Purpose: Although the relationship between oral contraceptive (OC) use and colorectal cancer (CRC) risk has been studied extensively, the results of epidemiological studies are controversial. Therefore, we carried out a meta-analysis of epidemiological studies to summarize the available evidence and to quantify the potential dose-response relation.
Methods: We searched PubMed database for studies of OC use and CRC risk that were published until the end of March 2014. Random- and fixed-effects models were applied to estimate summary relative risks (RRs) and 95 % confidence intervals (CIs).
Results: Twelve cohorts and seventeen case-control studies with a total of 15,790 CRC cases were included in the final analysis. The summary RR for the ever versus never category of OC use was 0.82 (95 % CI 0.76-0.88). Similar result was observed when we compared the longest duration of OC use with the shortest duration (RR = 0.86, 95 % CI 0.76-0.96). Furthermore, the results of stratified analysis were comparable to those of overall meta-analysis. In dose-response analysis, significant inverse associations emerged in nonlinear models for the duration of OC use and CRC (P nonlinearity = 0.001). The greatest risk reduction was observed when the duration of OC use was approximately 42 months. There was moderate heterogeneity in the analysis, and no evidence of small-study bias was observed.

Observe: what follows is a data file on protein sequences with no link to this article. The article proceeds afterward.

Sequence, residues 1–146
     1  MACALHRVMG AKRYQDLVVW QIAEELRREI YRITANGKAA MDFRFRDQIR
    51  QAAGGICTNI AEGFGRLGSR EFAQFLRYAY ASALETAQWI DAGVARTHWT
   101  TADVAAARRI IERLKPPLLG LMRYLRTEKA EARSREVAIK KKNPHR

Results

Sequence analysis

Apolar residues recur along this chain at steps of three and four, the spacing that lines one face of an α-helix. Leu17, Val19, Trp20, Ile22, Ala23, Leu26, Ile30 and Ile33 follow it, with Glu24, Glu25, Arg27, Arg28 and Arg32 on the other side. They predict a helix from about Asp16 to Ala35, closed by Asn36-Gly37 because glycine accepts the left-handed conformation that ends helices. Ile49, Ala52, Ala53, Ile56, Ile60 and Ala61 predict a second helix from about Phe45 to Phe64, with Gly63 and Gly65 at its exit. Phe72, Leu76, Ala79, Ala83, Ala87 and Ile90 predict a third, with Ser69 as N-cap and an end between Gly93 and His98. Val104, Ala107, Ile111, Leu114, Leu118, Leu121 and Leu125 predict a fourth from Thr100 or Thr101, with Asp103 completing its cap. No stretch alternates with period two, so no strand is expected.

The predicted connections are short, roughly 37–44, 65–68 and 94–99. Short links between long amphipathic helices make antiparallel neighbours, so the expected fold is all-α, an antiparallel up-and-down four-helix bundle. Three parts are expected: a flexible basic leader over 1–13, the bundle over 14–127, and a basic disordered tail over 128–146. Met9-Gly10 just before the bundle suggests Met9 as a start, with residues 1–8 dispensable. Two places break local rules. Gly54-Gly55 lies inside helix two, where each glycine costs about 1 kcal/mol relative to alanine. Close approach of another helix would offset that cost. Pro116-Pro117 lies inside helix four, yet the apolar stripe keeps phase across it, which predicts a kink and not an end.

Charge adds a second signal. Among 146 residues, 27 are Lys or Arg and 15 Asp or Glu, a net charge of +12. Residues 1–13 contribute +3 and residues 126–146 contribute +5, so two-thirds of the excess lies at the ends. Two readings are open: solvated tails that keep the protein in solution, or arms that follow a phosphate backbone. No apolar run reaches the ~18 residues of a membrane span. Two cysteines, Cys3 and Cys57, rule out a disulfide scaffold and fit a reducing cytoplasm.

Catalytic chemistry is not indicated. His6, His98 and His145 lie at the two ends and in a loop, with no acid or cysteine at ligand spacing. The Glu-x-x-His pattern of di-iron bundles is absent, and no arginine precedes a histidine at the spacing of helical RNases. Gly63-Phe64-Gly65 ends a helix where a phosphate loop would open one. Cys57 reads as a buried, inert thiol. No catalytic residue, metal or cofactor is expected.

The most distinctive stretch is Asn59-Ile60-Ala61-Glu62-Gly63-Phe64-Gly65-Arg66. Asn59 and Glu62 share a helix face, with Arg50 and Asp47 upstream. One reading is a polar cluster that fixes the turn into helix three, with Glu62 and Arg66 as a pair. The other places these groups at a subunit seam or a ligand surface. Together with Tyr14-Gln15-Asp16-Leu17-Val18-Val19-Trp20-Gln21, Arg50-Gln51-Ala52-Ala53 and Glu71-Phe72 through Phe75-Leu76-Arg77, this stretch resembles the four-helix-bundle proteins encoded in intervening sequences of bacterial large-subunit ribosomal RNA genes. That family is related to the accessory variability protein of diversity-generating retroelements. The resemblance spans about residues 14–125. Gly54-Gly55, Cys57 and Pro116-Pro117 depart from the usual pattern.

Conclusions: Based on the findings of this meta-analysis, ever use of OC is associated with lower risk of CRC. Additionally, there is a statistically significant nonlinear inverse association between the duration of OC use and CRC risk.